What is a retinal detachment?
The retina is a very thin layer that lines the inner aspect of the back surface of the eye. Somewhat similar to the film in an analogue camera it converts light into an electrical signal which gets transmitted via the optic nerve back to the brain. The retina can sometimes detach from its usual position and float into the centre of the eye.
Causes and Symptoms:
The most common cause of a retinal detachment is from a posterior vitreous detachment, which has caused a tear in the retina. It may also be caused by trauma to the eye and other eye diseases such as diabetic retinopathy. It will often be preceded by symptoms of flashes and floaters and then a dark shadow or curtain will move across ones vision. Eventually the vision in the affected eye will go completely.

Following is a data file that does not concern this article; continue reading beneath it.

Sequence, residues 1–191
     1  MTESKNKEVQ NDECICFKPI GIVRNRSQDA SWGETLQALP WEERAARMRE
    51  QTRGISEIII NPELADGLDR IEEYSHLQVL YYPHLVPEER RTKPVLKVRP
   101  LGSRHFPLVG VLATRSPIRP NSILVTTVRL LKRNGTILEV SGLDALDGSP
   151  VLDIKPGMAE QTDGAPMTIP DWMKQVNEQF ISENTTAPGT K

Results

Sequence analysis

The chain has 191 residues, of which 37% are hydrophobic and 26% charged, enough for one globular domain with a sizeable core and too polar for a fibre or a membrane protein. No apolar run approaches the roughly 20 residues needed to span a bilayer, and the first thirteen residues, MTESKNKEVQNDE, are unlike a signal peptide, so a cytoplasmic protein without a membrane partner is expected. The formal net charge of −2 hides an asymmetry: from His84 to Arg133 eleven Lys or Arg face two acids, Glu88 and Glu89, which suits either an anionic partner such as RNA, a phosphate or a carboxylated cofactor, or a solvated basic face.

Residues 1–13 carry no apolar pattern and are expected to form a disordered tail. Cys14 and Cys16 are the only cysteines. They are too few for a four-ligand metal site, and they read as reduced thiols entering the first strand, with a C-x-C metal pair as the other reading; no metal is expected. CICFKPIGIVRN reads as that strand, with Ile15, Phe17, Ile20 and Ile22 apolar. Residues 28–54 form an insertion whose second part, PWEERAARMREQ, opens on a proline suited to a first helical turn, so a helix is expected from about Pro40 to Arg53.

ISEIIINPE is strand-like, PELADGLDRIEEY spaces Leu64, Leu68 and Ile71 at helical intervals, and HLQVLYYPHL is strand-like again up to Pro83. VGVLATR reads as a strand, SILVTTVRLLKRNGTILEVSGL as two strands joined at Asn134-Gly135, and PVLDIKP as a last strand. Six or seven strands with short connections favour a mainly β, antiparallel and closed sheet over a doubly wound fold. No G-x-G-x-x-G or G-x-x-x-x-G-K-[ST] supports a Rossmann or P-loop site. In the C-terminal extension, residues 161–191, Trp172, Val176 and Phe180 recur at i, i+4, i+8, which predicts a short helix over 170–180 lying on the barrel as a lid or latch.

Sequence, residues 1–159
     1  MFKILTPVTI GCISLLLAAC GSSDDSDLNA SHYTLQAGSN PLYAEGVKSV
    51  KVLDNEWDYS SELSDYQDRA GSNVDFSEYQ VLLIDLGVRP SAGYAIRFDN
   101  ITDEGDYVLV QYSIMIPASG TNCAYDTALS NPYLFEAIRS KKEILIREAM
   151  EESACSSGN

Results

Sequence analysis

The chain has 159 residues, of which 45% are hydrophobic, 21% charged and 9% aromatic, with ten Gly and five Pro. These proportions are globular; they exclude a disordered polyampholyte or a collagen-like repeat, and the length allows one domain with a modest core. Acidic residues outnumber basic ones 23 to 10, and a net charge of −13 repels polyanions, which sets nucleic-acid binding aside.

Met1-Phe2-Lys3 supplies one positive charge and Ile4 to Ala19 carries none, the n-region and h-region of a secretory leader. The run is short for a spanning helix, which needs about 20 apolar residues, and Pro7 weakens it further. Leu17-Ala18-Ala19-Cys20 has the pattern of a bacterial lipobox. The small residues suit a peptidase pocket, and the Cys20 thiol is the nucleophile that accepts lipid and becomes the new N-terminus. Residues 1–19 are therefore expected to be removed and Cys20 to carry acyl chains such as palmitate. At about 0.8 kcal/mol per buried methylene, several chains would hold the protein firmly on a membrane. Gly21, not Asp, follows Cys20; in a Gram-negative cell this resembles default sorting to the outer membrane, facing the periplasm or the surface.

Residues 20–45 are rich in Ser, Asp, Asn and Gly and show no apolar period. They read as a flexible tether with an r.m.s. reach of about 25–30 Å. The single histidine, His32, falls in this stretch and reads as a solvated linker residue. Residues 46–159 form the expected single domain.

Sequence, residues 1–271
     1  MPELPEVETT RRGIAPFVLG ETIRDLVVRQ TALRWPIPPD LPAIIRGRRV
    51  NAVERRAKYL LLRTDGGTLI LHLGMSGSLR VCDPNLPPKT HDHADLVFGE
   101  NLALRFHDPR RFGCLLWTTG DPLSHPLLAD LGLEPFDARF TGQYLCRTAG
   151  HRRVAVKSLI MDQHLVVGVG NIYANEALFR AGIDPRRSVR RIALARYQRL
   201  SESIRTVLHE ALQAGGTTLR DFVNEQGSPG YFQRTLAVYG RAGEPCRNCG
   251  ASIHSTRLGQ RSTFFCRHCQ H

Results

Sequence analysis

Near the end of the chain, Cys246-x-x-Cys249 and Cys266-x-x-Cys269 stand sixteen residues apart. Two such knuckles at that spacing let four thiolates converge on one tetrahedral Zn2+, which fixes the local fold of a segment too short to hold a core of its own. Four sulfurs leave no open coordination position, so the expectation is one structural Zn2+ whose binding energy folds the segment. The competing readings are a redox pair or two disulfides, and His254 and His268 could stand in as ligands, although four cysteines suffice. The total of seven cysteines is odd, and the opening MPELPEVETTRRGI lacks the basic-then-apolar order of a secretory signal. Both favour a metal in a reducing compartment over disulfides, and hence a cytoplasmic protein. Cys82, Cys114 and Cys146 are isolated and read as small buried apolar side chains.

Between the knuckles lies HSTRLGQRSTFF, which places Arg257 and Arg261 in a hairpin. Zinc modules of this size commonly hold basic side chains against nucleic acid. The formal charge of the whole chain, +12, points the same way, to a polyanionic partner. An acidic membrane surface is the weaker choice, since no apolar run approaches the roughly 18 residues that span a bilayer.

Surgical treatment is required as soon as possible if the central vision is not affected (ie macula is still attached) but may be postponed up to a week if the central vision is blurred (ie macula has detached).